Eurotrip is the film that cost DreamWorks the talent of director Todd Phillips, who had nothing to do with this film, and DreamWorks’ constant promotion of the film, implying he may have been, has opened up a very visible rift between the two parties, and it seems that Phillips was on the right side of the argument as Eurotrip, even being hyped as being from the producers of Old School and Road Trip, serves no greater purpose than to show just how ignorant American tourists are and show the lax borders on the MPAA’s rating system.

Those looking for the next big thing are going to be looking for a while, as Eurotrip does absolutely nothing new through its 90 minute running time. In fact, the plot is almost directly ripped off of Phillip’s Road Trip. Road Trip consisted of four guys heading to Texas to recover a video tape inadvertently mailed to one of their girlfriends who lived there. Replace “video tape” with “email” and you have the premise of this film.

We pick things up right after high school graduation where Scott (Scott Mechlowicz) is dumped by his cheating girlfriend and left with the companionship of his best friend Cooper (Jacob Pitts) and online, German pen-pal, Mieke (Jessica Böhrs), whom Scott believes is a man. When an email from Mieke asking to come to America and meet Scott is taken the wrong way (after all, Scott still believes her to be a him) he finally figures out the errors of his ways only after sending back a rather terse reply that gets him banned form the ungodly hot German’s inbox. So, in all his wisdom, Scott sets out to Berlin to make a mends with his pen-pal, and along the way gets involved in some wacky adventures.

While in Paris, Scott and Cooper meet up with Jenny (Michelle Trachtenberg) and Jamie (Travis Wester), two twins who are sight seeing. With four teenagers in foreign countries and an, seemingly, unlimited supply of money, what could possibly go wrong?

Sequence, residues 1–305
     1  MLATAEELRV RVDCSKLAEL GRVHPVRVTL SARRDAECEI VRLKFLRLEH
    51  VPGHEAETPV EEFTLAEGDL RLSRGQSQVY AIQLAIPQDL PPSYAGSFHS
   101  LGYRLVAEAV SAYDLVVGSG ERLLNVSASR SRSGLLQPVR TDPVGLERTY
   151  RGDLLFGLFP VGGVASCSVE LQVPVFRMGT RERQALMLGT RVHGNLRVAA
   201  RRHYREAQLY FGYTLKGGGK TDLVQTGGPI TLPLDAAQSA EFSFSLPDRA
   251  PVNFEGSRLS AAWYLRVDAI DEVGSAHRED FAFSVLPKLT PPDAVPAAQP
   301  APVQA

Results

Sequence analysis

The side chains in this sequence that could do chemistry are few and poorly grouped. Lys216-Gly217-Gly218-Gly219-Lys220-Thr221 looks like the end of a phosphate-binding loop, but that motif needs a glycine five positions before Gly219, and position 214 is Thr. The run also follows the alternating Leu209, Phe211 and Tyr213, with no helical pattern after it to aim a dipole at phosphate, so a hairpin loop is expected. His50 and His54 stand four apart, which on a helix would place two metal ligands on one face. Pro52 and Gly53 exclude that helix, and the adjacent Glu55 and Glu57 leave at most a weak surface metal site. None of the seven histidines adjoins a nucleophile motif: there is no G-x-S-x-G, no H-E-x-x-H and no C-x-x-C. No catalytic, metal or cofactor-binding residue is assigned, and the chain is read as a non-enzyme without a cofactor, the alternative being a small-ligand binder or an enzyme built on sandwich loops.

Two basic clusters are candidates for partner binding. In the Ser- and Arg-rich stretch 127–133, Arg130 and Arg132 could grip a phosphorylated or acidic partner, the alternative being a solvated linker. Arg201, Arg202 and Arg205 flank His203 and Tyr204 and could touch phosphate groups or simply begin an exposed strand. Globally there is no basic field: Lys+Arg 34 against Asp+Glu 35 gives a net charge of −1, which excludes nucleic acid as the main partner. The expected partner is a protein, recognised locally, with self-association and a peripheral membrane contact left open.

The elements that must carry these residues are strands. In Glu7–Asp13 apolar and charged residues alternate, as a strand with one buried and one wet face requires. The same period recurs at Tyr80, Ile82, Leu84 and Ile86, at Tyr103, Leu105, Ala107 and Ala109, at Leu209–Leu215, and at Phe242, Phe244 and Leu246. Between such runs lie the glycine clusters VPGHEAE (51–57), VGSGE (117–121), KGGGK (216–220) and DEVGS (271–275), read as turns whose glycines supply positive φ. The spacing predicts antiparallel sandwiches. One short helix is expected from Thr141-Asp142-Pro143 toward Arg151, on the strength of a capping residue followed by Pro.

The film isn’t necessarily bad, but it isn’t really that good either. One of the most uncomfortable portions of the film is a trip to a nude beach filled with only those possessing the Y chromosome, and director Jeff Schaffer decides that this would be the best time for a long, overdrawn wide angle shot with nearly 50 guys standing, staring precariously into the camera fully nude. To add insult to injury, Schaffer then decides it would be hilarious for these guys to chase after our heroes, still fully nude, and give us a front row seat to the sausage-fest. Adding together all the movies I have ever seen, and combining them all, I never seen so much full frontal nudity and it couldn’t be any more disturbing.

To make up for the situation there is a healthy amount of female nudity, and not bad nudity at that. In fact, I would go so far as to say Eurotrip has the most nudity, ever, in a film released in the United States that I have seen. For the most part, though, this serves no purpose to the plot other than shock value and bringing one man’s dreams to the big screen.

Eurotrip is just a mindless, spring film to hold us over to the big guns start firing this summer, or what we believe to be big guns. The film does have some funny moments, and the song sung in the beginning about Scotty not knowing about his girlfriend’s infidelity is really catchy, but when you walk out of the film, at the end, hopefully, you won’t remember much of what you have just seen. You’re better off popping in the Old School or Road Trip DVDs and seeing some good laughs and leave Eurotrip to the pre-pubescent teens how think a batch of naked guys running on a beach is gut-busting funny.

Written by Erich Becker
Thirty-something with a love of everything we cover here, and a few things we don't. Erich has run Entertainmentopia since the site's inception in 1999, countless redesigns, a few crashes, and a lot of media later, here you have it!